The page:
#define S4C_K2 "<< YOUR DEVICE KEY 2 >>"

Now you can go ahead and press the Upload button on the top-left of the arduino IDE. It will compile the code and send the program to the ESP-12.


Img: Upload button on the Arduino IDE


When running on a linux machine you might get an error like:

An error occurred while uploading the sketch
error: cannot access /dev/ttyUSB0

This just means that your user doesn’t have the permissions to write to the USB port. A temporary workaround is:

sudo chmod a+x /dev/ttyUSB0

(of course you should use the name of your USB device instead of /dev/ttyUSB0)

Or you can add your user to the dialout group to get permanent permissions:

sudo usermod -a -G dialout $USER

Once the ESP-12 is programmed, it will start doing its job immediately.

Let’s double-check everything is working properly: open a serial console by clicking on the Serial Monitor button on the top-right. Set the baudrate (on the bottom-right of the console) to match the value we used on the sketch, in this case 115200.

If you see an output like the one in the image below then everything went right, and the ESP-12 is already uploading values to the broker.


Img: Arduino IDE Serial Monitor

If there’s any error, or if you want to get a more verbose output, try setting the following line to true and Upload the code again.


Creating the Dashboard on snap4city

The workflow on snap4city usually involves creating a dashboard, which is a public or private interactive page where a user can see and sometimes modify the data that’s available through the platform.

After logging in, click on My Dashboards in my Organization > New Dashboard. Give it a meaningful name (if you decide to make it public, this name will be seen by others), choose the empty dashboard template and click next. On the second screen, click on the big Instantiation button to proceed.

We will manage the dashboard from an underlying IOT application, so let’s create one. Go to IOT applications > Create new. Give it a name and choose the type basic. You will see your recently created application on the list. By clicking it you will access to the development environment within snap4city: the nodeRed GUI.
If you are not familiar with nodeRed: it is a flow-based visual programming language that will allow us to easily create IOT applications by connecting nodes with wires and then deploying them.

A group of connected nodes is called a flow. We will create a simple one to monitor the changes on the temperature value of our sensor and display it using a widget on our dashboard.

Let’s start by adding our first node. You will see list of all the available ones on the left. On top of the list there’s a search bar: look for the fiware-orion-in node and drag it to the working area.

Double click on the node to edit its parameters, in this case add the following:

  • Device type: Ambiental
  • Device NameID: <The name of your registered device>
  • Key1: <The key1 of your registered device>
  • Key2: <The key2 of your registered device>
  • Service: add a new orion service
    • URL: broker1.snap4city.org
    • Port: 8080
    • Name: orionUNIFI

Now place a function node. It will allow us to modify the incoming values with a piece of arbitrary javascript code. Paste the following lines:

let temp;
if (attr_obj.name === "temperature"){
temp = attr_obj.value;
return true;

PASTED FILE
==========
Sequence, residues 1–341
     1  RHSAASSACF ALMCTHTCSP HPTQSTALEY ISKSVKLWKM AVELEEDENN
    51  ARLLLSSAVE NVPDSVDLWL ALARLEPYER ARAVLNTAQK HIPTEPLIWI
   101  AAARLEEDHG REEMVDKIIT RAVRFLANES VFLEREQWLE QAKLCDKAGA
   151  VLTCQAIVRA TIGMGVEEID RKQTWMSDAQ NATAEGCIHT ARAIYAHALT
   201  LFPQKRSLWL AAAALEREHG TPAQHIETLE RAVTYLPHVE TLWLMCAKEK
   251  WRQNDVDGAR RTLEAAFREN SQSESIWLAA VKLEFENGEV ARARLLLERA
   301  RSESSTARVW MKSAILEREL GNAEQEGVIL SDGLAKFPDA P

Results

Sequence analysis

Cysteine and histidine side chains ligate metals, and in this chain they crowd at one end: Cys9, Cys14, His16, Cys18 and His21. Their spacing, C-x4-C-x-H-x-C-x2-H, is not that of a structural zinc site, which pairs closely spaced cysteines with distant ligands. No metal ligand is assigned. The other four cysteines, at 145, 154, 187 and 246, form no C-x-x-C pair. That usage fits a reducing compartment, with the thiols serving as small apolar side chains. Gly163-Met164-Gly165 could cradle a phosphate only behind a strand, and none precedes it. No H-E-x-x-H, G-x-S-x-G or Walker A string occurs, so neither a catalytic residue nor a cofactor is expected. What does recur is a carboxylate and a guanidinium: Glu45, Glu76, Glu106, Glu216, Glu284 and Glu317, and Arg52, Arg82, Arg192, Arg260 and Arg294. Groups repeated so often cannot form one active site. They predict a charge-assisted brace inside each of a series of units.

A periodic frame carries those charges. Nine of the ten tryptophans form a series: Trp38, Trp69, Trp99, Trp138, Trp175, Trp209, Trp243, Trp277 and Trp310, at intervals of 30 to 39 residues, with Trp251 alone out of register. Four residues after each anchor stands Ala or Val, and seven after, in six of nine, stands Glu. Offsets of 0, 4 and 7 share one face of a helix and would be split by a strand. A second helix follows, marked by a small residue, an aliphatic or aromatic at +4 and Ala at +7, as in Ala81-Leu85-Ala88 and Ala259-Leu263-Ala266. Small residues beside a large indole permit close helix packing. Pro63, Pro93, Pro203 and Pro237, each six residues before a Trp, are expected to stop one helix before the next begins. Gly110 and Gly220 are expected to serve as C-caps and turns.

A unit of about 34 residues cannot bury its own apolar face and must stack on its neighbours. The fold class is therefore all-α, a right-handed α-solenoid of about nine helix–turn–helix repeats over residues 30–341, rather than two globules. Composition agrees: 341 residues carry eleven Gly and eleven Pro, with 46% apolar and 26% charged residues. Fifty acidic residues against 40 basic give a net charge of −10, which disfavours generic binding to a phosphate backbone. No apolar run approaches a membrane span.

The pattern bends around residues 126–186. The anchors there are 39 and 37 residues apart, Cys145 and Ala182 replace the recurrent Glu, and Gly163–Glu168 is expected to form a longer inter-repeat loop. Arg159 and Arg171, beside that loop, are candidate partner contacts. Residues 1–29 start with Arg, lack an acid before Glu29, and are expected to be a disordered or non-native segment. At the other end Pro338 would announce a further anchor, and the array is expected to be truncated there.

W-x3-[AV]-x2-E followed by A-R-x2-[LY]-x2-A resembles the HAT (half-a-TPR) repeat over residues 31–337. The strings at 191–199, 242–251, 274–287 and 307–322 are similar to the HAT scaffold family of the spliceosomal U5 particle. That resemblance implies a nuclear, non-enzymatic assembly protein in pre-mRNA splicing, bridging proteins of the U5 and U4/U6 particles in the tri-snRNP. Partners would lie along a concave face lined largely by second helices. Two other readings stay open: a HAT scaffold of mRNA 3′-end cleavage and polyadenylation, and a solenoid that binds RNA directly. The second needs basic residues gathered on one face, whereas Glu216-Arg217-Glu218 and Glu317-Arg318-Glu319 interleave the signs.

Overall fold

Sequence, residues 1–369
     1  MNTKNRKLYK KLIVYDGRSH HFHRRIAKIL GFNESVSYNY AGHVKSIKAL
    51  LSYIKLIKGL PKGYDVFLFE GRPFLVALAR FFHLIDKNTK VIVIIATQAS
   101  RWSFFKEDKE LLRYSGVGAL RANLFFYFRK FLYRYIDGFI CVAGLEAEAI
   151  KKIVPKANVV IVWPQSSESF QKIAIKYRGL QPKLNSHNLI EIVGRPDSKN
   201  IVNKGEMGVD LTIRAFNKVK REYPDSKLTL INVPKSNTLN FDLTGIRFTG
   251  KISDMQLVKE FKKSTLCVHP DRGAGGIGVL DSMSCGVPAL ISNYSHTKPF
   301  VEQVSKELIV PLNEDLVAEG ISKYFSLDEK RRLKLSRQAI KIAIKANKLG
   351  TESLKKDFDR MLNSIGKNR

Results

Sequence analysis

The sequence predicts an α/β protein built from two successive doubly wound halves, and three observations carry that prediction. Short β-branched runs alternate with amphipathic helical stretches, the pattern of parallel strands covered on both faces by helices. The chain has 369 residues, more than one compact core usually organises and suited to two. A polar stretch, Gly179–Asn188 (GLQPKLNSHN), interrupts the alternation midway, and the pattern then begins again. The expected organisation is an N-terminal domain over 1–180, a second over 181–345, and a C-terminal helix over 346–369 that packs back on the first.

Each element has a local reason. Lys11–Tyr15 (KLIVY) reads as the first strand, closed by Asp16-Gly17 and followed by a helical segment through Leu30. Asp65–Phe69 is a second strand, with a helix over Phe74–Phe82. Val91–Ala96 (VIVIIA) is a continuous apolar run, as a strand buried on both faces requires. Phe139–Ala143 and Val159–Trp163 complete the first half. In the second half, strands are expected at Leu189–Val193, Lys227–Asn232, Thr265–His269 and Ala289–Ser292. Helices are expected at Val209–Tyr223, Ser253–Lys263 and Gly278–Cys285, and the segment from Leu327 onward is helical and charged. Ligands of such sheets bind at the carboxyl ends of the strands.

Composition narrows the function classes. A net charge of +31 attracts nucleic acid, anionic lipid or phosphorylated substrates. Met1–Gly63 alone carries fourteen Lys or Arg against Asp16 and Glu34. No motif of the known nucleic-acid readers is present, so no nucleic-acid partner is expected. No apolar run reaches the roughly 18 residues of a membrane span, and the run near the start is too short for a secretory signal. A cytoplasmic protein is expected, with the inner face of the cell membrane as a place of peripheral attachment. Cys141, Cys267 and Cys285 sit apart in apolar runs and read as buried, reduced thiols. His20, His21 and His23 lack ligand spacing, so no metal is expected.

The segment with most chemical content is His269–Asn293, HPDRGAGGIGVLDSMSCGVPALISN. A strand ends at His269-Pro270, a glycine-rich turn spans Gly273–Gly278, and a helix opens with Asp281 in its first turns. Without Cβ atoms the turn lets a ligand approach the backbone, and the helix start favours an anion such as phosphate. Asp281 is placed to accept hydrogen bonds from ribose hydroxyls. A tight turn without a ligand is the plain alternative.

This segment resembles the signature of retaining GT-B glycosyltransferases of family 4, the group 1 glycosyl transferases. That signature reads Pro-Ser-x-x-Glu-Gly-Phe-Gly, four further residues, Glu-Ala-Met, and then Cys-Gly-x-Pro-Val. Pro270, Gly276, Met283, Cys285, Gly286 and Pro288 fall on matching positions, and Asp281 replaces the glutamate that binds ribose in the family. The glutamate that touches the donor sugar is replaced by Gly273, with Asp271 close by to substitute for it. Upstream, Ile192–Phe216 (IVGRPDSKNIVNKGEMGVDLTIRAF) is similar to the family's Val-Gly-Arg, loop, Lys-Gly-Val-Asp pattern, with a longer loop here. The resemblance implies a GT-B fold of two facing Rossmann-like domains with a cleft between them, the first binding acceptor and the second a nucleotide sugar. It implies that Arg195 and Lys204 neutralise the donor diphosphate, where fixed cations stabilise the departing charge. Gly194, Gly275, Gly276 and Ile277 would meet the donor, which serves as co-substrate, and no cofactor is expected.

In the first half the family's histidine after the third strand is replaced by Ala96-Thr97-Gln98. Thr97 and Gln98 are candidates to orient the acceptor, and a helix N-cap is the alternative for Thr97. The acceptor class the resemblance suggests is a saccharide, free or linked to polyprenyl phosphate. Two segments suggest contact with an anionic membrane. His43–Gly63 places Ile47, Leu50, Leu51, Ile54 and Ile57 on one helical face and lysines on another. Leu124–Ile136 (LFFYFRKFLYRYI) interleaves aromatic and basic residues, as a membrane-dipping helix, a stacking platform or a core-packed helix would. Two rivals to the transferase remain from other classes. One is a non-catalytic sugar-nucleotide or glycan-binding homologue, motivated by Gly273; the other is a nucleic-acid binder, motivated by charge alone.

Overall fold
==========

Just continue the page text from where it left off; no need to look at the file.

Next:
return false;

msg.payload = temp;
return msg;

As you can see, we are traversing the incoming array and just retaining the value of the object which has a “name” property equal to “temperature”. We then put that value on msg.payload, which is the default practice within nodeRed.

The output of the function node should be wired to:

  • A debug node that will allow us to see the changes directly on the debug console, on the right side of the nodeRed GUI.
  • A single-content node that will create a widget on one of our dashboards. Once placed on the working area, double-click it and choose the name of your dashboard from the dropdown menu. You can also click on the view dashboard button before confirming your edits to see the result on another tab.

The resulting flow should look like this:


Img: nodeRed flow: monitoring changes on the registered sensor values and displaying them on the dashboard.

Deploy your flow by clicking on the top-right button. You should now see a widget on your dashboard. Test the sensor by putting it next to a warm object (the hot air coming out from your laptop is ideal for this task). The values on both the nodeRed debug console and your dashboard should change to reflect the new temperature.

Img: The dashboard displaying the real time values on the registered sensor.


Going Further

As you can see snap4city gives you a reliable and flexible infrastructure to deploy any type of IOT projects combining publicly available datasets with your own devices.

Apart from the ESP-12 that we covered here, you can use a Raspberry Pi, or many other networking capable devices, making the creation of your custom IOT fleet a simple and inexpensive process.

You can find the sources for this tutorial here.

Snap4City Hack

Snap4City platforms and solutions are available at Snap4city.org website, where you can register and start exploring its features. But if you want to really challenge your skills and propose your innovative solutions for connected cities, you can join the upcoming Snap4City Hack, the big online hackathon on the topics of Smart City and IoT.

Snap4City launched a big online Hackathon on Ecological Watch, Social and Service Evolution, Stimulating Business Growth, City Aware.

Using Snap4City tools to manage IoT, Big Data and analytics, the hackathon challenges will cover different themes – Ecological Watch, Social and Service Evolution, Stimulating Business Growth, City Aware – and real data from cities such as Helsinki or Antwerp.

Further information on the Hackathon is available on the on Snap4City.org/hackathon website.